As investors rush into bitcoin, some big Wall Street banks are hitting the brakes.
Bank of America (NYSE:BAC) Merrill Lynch and Citigroup Inc. (NYSE:C) are telling customers that they won't offer them access to the first bitcoin futures market when it goes live on Sunday, people familiar with the matter said .
Morgan Stanley (NYSE:MS) and Société Générale SA are still evaluating their approach to bitcoin futures, people familiar with the situation said Thursday. ABN Amro Group will be handling trades "for a small selected group of professional clients," a spokeswoman for the Dutch bank said in an e-mail.
Banks play a key role in facilitating futures trades for hedge funds and other big trading firms. If they don't provide access to the new market, some of their customers might be unable to place bets on bitcoin futures.
The banks may change their minds and start offering the service. Still, their hesitation could put a damper on the hotly anticipated launch of bitcoin futures, which proponents see as a huge step forward in the evolution of the digital currency.
Cboe Global Markets Inc. (NASDAQ:CBOE), a Chicago-based exchange operator, plans to open the first U.S. bitcoin futures market this weekend, less than 10 days after regulators gave it the greenlight -- a tight time-frame for many firms to get comfortable with the new product, market participants say. Cboe's larger crosstown rival CME Group Inc. (NASDAQ:CME) is set to launch a competing bitcoin futures market on Dec. 18.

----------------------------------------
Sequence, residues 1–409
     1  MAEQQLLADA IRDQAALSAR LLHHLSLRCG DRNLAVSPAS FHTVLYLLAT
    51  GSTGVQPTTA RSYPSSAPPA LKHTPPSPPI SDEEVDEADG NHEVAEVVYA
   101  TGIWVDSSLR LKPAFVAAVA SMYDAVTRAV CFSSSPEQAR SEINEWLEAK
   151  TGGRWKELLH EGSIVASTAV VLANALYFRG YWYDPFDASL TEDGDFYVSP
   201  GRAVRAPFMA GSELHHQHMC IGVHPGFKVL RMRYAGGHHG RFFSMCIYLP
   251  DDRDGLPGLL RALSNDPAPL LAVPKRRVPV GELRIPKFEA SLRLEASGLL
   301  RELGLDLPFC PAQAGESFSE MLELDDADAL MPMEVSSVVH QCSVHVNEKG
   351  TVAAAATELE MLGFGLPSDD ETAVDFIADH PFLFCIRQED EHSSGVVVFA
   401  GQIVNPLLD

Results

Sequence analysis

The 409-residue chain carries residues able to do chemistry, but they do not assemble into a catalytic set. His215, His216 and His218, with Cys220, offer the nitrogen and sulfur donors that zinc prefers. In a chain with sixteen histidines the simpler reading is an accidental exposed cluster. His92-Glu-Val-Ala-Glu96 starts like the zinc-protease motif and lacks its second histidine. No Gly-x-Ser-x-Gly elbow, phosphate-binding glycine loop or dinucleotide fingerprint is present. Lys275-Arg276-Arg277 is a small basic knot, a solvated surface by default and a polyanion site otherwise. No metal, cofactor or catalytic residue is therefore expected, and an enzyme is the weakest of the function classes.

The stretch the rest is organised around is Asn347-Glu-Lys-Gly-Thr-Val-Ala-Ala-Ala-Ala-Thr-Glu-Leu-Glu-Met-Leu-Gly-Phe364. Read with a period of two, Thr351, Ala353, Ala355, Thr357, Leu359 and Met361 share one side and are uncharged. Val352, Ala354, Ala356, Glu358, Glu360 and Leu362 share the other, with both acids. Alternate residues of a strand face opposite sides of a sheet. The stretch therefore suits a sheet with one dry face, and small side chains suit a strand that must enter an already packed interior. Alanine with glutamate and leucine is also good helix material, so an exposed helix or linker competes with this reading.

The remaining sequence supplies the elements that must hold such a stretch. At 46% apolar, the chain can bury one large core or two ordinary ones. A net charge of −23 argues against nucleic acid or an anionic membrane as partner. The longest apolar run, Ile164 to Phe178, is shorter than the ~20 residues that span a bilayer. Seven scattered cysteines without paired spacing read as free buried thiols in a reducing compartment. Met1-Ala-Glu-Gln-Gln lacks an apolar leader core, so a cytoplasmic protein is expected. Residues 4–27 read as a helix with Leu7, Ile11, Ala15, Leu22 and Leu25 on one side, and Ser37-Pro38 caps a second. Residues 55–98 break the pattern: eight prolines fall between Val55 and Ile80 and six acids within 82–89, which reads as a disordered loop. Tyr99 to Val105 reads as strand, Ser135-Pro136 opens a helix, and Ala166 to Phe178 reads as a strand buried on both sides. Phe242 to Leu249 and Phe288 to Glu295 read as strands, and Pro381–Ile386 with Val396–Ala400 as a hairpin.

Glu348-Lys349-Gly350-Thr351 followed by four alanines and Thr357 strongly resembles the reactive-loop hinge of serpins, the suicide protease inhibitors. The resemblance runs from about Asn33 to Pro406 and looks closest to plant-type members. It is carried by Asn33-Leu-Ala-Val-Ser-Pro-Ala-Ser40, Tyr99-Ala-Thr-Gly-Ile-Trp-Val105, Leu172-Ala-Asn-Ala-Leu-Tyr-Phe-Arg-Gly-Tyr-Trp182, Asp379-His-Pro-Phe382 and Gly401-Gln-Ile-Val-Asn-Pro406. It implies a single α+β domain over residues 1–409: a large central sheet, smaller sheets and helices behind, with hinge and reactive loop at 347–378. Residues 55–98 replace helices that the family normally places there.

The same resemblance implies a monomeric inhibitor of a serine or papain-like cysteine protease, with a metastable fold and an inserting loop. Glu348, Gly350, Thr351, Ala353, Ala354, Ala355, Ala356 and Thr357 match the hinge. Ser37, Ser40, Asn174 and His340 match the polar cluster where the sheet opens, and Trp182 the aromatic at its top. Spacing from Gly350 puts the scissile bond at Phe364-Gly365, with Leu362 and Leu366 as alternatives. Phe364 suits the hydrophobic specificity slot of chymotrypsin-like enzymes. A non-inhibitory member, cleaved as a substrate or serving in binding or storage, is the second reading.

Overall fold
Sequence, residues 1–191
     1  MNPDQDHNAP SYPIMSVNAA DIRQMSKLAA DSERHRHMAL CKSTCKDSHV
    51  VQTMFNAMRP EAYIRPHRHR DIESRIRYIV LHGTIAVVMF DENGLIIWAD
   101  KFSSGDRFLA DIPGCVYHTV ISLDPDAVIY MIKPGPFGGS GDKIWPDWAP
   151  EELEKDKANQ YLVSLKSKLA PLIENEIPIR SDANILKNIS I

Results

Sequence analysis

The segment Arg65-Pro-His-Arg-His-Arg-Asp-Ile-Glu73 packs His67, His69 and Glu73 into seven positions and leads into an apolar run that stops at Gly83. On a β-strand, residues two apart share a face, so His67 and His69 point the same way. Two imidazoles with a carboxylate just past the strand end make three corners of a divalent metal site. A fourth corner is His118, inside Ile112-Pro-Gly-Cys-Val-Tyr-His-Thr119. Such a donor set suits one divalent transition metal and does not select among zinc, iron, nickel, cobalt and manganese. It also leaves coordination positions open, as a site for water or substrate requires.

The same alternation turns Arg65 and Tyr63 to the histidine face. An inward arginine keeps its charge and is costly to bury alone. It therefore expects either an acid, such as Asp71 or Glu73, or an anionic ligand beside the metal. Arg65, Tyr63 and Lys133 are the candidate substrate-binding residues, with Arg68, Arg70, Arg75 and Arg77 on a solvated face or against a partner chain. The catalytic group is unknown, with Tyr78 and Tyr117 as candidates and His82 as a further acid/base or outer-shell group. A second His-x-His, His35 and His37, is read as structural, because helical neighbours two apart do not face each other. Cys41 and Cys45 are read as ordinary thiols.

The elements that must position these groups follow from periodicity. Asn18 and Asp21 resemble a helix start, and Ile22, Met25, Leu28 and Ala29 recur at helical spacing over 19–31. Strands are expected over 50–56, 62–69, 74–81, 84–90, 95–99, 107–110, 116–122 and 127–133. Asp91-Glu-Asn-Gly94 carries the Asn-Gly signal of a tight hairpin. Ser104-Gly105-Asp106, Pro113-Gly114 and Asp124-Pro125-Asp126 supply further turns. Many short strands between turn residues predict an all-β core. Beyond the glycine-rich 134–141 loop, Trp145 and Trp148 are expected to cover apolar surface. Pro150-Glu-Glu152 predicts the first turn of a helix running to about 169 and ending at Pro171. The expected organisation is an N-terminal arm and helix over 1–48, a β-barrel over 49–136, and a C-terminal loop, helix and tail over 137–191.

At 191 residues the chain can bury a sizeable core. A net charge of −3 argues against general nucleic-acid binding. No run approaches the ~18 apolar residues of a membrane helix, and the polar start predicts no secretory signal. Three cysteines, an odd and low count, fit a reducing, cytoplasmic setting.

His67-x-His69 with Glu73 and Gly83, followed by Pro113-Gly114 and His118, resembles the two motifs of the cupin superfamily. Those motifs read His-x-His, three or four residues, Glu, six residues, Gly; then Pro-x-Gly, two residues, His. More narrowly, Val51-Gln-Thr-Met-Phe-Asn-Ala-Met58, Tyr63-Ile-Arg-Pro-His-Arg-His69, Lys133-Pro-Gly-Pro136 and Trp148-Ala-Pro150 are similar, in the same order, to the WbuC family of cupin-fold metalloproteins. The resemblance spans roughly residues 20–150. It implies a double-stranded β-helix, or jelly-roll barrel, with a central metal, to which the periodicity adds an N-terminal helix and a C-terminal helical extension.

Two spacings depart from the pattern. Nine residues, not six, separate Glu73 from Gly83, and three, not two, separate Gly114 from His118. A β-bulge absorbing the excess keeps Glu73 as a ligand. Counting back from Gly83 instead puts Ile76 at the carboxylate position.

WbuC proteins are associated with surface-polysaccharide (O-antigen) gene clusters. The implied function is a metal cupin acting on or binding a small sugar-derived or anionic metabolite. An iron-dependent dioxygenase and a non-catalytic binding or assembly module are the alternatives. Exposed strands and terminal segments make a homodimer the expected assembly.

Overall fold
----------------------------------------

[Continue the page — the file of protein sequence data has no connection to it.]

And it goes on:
A Cboe spokeswoman said Sunday's launch would go ahead as planned. The exchange declined to release a list of banks prepared to handle trading in its bitcoin futures, citing confidentiality.
Bitcoin smashed through the $16,000 mark on Thursday, only a day after passing $12,000, according to CoinDesk. It was trading at $968.23 at the start of the year.
The rapid increase has made it difficult for more buttoned-up Wall Street firms to ignore the digital currency, despite concerns over its uncertain legal status and links with illicit activity. Now, banks are trying to catch up with surging investor interest, while at the same time managing the risks associated with bitcoin's notorious volatility.
To access the futures market, a trader needs to open an account with a brokerage. The broker can be liable for losses if that trader's bets go wrong.
Many futures brokerages are grappling with how to handle the risks of bitcoin futures due to the volatility of the digital currency, brokers said.
Banks in their role as futures brokers act as a buffer to counterparties, so they are on the hook should their clients suffer losses they can't pay. In assessing whether to support bitcoin futures, brokers need to evaluate their relationship with clients and figure out whether to charge higher amounts to backstop bitcoin futures trades -- an extraordinarily difficult task given bitcoin's volatility.
Exchanges, which set the minimum-margin requirement that traders must post in cash to enter a futures bet, have also wrestled with that task. Cboe said Monday that its clearing house had hiked the minimum to 44% from 33%, due to the "bitcoin price volatility over the past few days." The minimum on CME's contracts is currently 35%. A CME spokeswoman said the exchange could adjust that level in response to changes in bitcoin's volatility.